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TMJ Disorder -TemporoMandibular Joint Message Board


TMJ Disorder -TemporoMandibular Joint Board Index


Hello. I'm a 23 year old female. About a year ago, my primary care physician ordered an MRI of my TMJ due to clicking/popping noises when I opened my mouth, some discomfort, and a small lump in front of my right ear. This is what the report said:

[I]Right TMJ meniscus anterior dislocation in closed mouth position but recapture and anatomic positioning wit mouth opening. Accompanying small joint effusion. Left TMJ grossly normal. Each TMJ meniscus normal size and no abnormal degenerative attenuation. No imagining signs of arthropathy at either joint. Normal configuration mandible condyles and normal marrow intensity. Both joints have normal condyle translation in open mouth positions.[/I]

She explained to me that when my jaw is closed, it is misaligned, but when it is open, it is aligned as it should be. The first oral surgeon I saw did not specialize in treating TMJD cases such as this, but he recommended a night guard and said that if my jaw stopped shifting to find a comfortable position, the ligaments would strengthen and pull things into place as they should be. He said that that I developed this issue due to not having braces as a child. We switched insurance companies and he was no longer in network, so I went to another oral surgeon.

The second oral surgeon didn't really answer my questions. He just said my only chance to regain normal function was to do arthrocentisis in his office that day, with a local block (no anesthesia). He told me I would be fine to go to work later that day (I'm a vet tech) and restrain animals. I didn't feel comfortable having the procedure done and then going to work, so I left. I felt rushed and pressured into doing the procedure without being 100% comfortable with it, so I never returned.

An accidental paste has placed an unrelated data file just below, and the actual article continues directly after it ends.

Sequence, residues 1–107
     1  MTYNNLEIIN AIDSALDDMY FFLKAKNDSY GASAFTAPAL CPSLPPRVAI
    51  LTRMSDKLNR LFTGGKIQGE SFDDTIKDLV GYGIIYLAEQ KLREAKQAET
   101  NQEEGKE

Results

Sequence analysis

I had a dental cleaning a few weeks ago and the dentist who checked my teeth afterwards said that I developed my jaw issues because I am a "thruster" and my tongue is not where it should be when I swallow. Because of this, my upper teeth are aligned poorly with my bottom teeth. She seemed to know a lot about TMJD and recommended a splint, but unfortunately, she is not a participating provider.

I have had consults with two orthodontists who said they have seen positive results by treating TMJ with braces. I'm definitely willing to do that, but they said that orthodontists usually work with another doctor who actually treats the TMJD and together they will develop a treatment plan.

Since the appointment with the 2nd oral surgeon, it's been a struggle to find an oral surgeon who treats TMJD and is in network. The closest oral surgeons who do treat TMJD are over 80 miles away, and I'm going to set up an appointment with one of them. My other option is to go to partner of the 2nd oral surgeon, who is only 10 miles away, but I just felt so uncomfortable the last time I was there, I just don't want to have the same experience. I just want to have a doctor that I can trust throughout the treatment. I feel kind of silly for seeing all these doctors and getting different opinions, but I don't want to risk making things worse. Is it necessary to have an oral surgeon, or can my dentist and orthodontist develop a treatment plan together? Does the general dentist usually develop the splint, and if symptoms improve, then the orthodontist puts braces on?

Any similar TMJD stories or advice as to where to go from here would be appreciated.
Hi again NC711,

You are wise to gather some information about TMJ and think things through carefully before going into treatment.

I’m going to try to answer all your questions and give you as much information as I possibly can so I apologize in advance if my post is a little lengthy. If I don’t manage to answer all your questions or you have more, don’t hesitate to let me know.

I want to start by saying that I think things are looking pretty good for you. I reread the MRI results you posted and your TMJ situation is pretty good – no degeneration as yet, so it’s great you can catch all this before it worsens. I hate to say it, but you should know that with TMJ issues, things tend to worsen; they rarely go away or stay the same. The important thing now is to get the proper treatment for this so things don’t get more serious (from the condition itself or from a mis-treatment). Finding your way to the right TMJ treatment is so much harder than it should be…so many of us are in pain for longer than need be or have seriously worsened situations from the wrong treatments.